by Rey Beltran | ExecutiveChronicles.com
Mobile devices are now enjoying its heyday. As noted by web tracking firm, StatCounter, almost 30% of web traffic is coming from smartphones and other mobile devices. This year, eMarketer has projected more than 50% growth in mobile ad spending in the U.S. alone.
It is no wonder that advertisers are going direct to their target market than spend much of their ad expense on the general population. It cannot be denied that targeting your audience with the usual tri-media is not as efficient when you go mobile.
Increasing Fraudulent Web Traffic
Last year, a total of $11.6 billion was wasted by advertisers on ads that were seen only by botnets, according to Solve Media. Botnets are programmed to impersonate human traffic, giving that illusion that your ads were seen by humans. Fraudulent web traffic is thereby generated and numbers are bloated when your analytics come in.
Google has been and will always be a proponent against fraudulent web traffic, especially now that they have acquired the anti-click fraud startup Spider.io to combat botnets. Recently, Facebook has stepped up its battle against fake likes in order to reflect the real numbers coming from actual persons rather than fake accounts.
“Viewable” Ads on the Rise
If print media has its preferred upper right hand corner placement and premium inside pages (inside front cover, inside back cover, back cover, pages 3, 5, and 7) to make ads viewable, online advertising now allows that kind of principle.
Many advertisers note that half of the online ad placements are not viewable by their target market. And those online advertisers who battle above the fold are too numerous, making ad impressions expensive and not cost efficient.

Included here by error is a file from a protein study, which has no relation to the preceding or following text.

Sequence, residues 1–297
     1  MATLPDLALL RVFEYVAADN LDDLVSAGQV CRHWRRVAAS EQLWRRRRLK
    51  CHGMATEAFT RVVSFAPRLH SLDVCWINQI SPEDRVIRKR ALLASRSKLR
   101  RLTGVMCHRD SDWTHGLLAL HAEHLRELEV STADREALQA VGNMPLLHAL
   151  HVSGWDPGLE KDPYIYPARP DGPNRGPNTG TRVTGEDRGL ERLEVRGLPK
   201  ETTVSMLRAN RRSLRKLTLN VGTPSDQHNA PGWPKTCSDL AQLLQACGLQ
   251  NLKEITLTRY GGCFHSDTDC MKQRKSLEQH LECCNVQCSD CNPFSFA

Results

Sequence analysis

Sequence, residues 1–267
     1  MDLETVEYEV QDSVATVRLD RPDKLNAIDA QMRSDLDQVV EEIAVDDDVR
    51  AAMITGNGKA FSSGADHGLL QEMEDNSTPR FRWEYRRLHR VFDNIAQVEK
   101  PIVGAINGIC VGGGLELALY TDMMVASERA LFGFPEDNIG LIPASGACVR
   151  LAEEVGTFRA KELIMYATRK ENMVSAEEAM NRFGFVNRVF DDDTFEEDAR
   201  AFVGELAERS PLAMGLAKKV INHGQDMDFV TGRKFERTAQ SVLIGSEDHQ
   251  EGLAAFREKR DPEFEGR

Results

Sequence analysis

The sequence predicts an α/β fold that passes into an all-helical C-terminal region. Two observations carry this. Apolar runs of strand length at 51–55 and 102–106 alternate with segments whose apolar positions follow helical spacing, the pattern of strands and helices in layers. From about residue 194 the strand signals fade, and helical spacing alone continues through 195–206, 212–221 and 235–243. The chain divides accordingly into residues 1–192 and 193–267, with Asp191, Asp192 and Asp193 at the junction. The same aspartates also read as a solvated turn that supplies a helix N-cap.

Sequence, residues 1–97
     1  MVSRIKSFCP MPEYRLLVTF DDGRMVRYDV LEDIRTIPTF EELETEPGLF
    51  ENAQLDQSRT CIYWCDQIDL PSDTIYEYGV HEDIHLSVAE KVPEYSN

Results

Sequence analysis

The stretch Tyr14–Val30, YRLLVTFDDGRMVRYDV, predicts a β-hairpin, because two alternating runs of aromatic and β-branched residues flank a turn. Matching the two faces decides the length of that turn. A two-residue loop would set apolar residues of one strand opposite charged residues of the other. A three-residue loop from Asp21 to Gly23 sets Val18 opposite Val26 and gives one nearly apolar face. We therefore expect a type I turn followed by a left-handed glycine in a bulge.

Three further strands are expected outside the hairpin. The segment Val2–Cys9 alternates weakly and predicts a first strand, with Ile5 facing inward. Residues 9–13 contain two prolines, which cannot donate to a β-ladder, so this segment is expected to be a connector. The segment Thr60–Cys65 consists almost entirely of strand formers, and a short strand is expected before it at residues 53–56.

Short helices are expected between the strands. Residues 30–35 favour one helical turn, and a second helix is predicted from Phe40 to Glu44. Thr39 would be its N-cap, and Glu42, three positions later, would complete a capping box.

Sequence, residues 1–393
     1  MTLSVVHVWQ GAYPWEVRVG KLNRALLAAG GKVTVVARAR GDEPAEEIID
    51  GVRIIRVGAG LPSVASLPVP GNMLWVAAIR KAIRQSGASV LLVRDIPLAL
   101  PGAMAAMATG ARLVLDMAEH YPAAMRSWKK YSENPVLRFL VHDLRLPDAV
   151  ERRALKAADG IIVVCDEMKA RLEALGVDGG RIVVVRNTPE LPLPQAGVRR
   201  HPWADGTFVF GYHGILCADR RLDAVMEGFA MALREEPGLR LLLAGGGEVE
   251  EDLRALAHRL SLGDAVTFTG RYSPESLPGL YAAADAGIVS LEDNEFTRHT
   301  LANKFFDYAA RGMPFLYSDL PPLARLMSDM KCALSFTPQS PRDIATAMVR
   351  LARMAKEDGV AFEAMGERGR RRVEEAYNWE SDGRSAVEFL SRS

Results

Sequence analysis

Now, there are companies that offer solutions to help you ensure that your ads are viewable before you place them. Google has already offered ad buyers the chance to buy ads in the places where page users can see them. So this is one trend that is poised to take off sooner than expected.
The Big Three Battling for Advertisers
Twitter, Facebook, and YouTube are now the go-to sites of advertisers as can be seen by the ad traffic in their sites. With this activity, it’s natural for all the three to aspire for greater monetary deals with advertisers.
YouTube has allowed Nielsen, one of the biggest media research companies, to measure its viewership the way they do television. Twitter allows promotional advertising tweets in tandem with the TV airing of the ad material. Facebook has been strengthening its analytics to further validate its big share of primetime audience.
All of the measures being done by the big three is geared towards clinching a multi-million dollar deal that TV networks currently enjoy. On the local front, local advertisers are in the middle of testing the waters, utilizing these big three online media as a tool for their ad campaign.
to be concluded